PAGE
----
Students hold a 2-day environmental conference in Sri Lanka, film and conduct research
Fourteen seniors walked through tea country, rolling green hills of tea all in lines on hills. They were in Nuwara Eliya, Sri Lanka.
“The word that kept coming to mind was lush,” Elizabeth Leman said. “Everything was so lush and colors were so vibrant.”
The Periclean Scholars class of 2011 traveled to Sri Lanka from Jan. 7 to 26 to conduct research, produce a documentary and hold a conference. The class of 2011 focuses on environmental issues in Sri Lanka.
They visited the schools they’ve been working with for three years, donating supplies and books. They also held a two-day conference called LEAF, Leaders in Environmental Advocacy Forum, at the University of Colombo.
“People can’t be expected to act sustainably unless they’re informed,” Jesse Lee said.
“We tried to invite a lot of academics, students, businesses, non-profits, to get everyone together and foster conversation, build relationships between the people there and us as well,” Leman said. “Hopefully that will be something sustainable after we graduate.”
Documenting environmental issues
Lee, Chas Smith and Jack Dodson, multimedia editor for The Pendulum, took on a separate documentary project during their time in Sri Lanka.
“The documentary is looking at the environmental issues for Sri Lanka as an example of what the rest of the world is facing,” Lee said. “While it’s all shot in Sri Lanka, the message is global.”
They looked at waste management, water quality, deforestation, mangroves and the human-elephant conflict, Lee said. The human-elephant conflict is due to overpopulation of both humans and elephants in Sri Lanka, according to Lee.
Some scenes in documentaries unfold spontaneously, according to Lee.
“There’s a scene that I didn’t expect to get at all, it wasn’t really on our radar,” Lee said. “We were on an island with Charith Senanayake, a director of Rainforest International.”
The island is home to a school for young boys to learn to become Buddhist priests.
“We were walking by a building and there are no doors and no handles on the outside,” he said. “And as we go by, the doors open up and we go inside and take off our shoes,” he said.
The group had ended up inside a Buddhist priest’s mediation room.
“Without any prompting from us, this priest just begins speaking about how connected his faith is to the environment and how important it is for them to have that as a part of their religion,” Lee said.
The documentary is in the editing stages. Lee said they hope to have a feature-length documentary finished before the semester’s end.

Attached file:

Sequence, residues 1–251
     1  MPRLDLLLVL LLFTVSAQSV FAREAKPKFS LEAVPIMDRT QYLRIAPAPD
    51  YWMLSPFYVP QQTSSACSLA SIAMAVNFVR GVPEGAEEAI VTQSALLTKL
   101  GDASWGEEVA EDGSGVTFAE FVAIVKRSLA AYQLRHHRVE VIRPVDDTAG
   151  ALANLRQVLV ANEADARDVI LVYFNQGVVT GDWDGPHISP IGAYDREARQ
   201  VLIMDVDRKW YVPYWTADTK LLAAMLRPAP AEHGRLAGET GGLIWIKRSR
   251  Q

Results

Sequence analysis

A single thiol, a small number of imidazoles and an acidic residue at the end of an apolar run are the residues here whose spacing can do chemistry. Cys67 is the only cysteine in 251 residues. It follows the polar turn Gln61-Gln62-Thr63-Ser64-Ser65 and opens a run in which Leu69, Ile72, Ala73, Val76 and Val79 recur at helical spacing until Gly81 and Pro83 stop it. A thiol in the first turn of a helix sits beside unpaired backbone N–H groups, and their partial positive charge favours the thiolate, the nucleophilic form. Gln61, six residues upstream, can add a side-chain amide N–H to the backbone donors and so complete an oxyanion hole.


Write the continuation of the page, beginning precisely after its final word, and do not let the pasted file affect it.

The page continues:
Researching the effects of war
Leman researched international humanitarian law. She is researching three case studies: the Nuremberg tribunal, the Rwanda tribunal and the Sri Lanka war crimes situation.
Even though the situations are different, Leman said she is trying to find common threads between them.
“Overwhelmingly, what I’ve found was that people want to move on with their lives,” Leman said.
“They want to rebuild; they’re more worried about having enough to eat and sending their kids to school than they are about finding out who killed their loved ones (in the war).”
Leman came away feeling more pro-government than she said she thought she would.
“The government feels like its been singled out,” Leman said. “For having defeated terrorism, it feels like it should have a pat on the back instead of being pointed fingers at.”
Sri Lankans are ready to talk about and work through the issues surrounding what happened with the war, she said.
Researching water quality in Sri Lanka
Senior Julia Crowley researched water quality in the country. She focused on discrepancies between urban and rural quality and availability. She conducted a survey in English and Sinhala, a language in Sri Lanka.
People in Sri Lanka are starting to realize the impacts that development will have on their water, according to Crowley.
“I’m just hoping that my survey, as small as it was, can add to that body of knowledge as they start to gather more data,” she said.
She also said Sri Lankans come from a Buddhist culture and have a different relationship with nature than Western people.
“They view themselves more directly a part of nature as I feel we view ourselves in Western culture as above nature,” Crowley said. “We view ourselves as stewards, which sounds nice but is actually patronizing. It reduces the importance we put on nature.”